3. Select the message stream rate – between 1 and 25 messages per second.

For example, in order to monitor our race track cars, we really only want the gyroscope data (x, y, z). But we need it at a higher sampling rate: 100 samples per second combined into 25 MQTT messages per second, so 4 samples in one message.

To monitor fragile cargo, you would rather need the accelerometer at a very high sampling rate to detect “rough handling”. For monitoring food and medicine transports, you may only be interested in humidity, light, and temperature,but most likely at lower sampling intervals of one to several minutes.

The following figure summarizes the XDK110 application interfaces:

The Reference Platform powered by the Hybrid IoT Event Mesh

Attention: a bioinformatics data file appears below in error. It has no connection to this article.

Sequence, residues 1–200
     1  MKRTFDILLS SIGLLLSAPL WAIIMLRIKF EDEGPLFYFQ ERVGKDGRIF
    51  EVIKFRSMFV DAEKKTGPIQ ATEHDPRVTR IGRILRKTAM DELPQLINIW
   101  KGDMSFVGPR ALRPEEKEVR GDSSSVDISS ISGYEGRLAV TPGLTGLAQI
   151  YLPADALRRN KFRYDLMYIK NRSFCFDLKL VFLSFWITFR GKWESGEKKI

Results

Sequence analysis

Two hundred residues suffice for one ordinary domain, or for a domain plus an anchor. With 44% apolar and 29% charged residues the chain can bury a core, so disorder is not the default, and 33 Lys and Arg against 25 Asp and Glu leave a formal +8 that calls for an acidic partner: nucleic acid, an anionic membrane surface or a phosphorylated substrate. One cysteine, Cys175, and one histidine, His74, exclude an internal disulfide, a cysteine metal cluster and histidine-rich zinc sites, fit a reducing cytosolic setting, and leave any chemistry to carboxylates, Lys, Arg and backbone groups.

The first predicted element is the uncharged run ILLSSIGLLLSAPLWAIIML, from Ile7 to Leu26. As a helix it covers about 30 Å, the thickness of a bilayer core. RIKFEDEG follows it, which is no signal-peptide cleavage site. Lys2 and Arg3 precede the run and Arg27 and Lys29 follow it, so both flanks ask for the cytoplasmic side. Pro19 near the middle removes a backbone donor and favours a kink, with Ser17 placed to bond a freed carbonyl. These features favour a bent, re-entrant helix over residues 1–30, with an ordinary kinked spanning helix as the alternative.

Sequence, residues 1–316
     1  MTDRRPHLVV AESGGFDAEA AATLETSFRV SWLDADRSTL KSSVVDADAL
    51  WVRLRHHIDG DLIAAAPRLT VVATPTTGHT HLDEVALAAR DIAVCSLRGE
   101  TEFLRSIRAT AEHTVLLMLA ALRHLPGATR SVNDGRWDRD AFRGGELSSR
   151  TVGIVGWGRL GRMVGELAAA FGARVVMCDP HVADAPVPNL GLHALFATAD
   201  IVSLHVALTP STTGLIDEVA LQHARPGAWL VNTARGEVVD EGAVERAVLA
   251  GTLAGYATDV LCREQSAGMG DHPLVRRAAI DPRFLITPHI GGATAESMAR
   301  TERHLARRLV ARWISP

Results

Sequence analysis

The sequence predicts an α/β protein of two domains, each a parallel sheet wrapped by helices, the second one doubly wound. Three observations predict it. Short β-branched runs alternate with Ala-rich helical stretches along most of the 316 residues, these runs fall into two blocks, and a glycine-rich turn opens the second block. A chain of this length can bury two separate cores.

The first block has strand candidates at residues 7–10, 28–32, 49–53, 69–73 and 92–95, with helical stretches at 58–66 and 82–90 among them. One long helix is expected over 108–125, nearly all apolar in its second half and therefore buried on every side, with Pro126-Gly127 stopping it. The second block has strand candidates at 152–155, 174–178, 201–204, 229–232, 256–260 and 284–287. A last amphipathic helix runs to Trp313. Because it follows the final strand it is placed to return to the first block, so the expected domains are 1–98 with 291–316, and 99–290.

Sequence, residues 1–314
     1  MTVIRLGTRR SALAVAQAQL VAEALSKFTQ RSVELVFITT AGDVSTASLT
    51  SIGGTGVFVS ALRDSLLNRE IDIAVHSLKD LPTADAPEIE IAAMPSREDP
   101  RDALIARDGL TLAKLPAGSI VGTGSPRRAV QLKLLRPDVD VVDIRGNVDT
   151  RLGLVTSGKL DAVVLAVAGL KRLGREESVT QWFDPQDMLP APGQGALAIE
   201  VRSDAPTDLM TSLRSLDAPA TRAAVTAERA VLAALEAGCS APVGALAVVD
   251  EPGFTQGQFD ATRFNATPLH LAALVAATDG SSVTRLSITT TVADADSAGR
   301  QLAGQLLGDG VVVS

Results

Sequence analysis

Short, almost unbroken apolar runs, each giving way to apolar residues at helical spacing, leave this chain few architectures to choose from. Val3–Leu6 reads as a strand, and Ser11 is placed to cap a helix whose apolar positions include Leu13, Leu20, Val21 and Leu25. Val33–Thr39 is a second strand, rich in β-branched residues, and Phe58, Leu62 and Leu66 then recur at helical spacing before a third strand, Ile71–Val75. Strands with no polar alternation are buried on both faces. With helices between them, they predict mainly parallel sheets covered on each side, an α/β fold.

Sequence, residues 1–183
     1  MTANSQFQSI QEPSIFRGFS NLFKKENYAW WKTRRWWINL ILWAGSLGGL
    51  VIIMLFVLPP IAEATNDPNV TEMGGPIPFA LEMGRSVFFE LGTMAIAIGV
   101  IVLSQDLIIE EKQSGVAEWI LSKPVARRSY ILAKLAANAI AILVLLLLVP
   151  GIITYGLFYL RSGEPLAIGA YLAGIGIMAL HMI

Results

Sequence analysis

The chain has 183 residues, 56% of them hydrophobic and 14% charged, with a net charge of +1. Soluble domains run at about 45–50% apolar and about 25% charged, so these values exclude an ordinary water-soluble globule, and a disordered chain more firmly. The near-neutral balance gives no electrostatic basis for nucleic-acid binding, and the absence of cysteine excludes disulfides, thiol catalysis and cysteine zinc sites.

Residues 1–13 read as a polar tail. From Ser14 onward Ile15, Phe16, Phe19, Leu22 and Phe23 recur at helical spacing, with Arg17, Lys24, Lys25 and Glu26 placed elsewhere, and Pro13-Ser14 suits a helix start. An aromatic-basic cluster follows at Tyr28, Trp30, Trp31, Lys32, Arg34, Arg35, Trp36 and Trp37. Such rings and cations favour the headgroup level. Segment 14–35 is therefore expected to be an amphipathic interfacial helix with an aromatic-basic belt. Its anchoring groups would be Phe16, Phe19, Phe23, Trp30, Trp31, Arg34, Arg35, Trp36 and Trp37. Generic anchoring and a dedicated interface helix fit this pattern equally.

Let’s have a closer look at the downstream systems and interactions that are part of the system. The following figure provides an overview:

The applications that need to consume the streaming sensor data here are:

  • Asset monitoring
  • Visual analytics
  • Streaming analytics
  • AI/ML modules

These are all the applications or services that subscribe to either selectively or all of the streaming sensor data sent by the devices. The devices themselves are also visible in the topic taxonomy, the tree structure that reflects the “resource categorization” hierarchy {region}/{location}/{production-line}. Using this hierarchy, the user or administrator can select exactly which devices to ingest data from by using topic wildcards in the subscription and close subscriptions for device data that is currently not required.

Now, in order to support the concept of re-purposing / re-configuring the devices “on-the-fly”, the following message sequence is executed: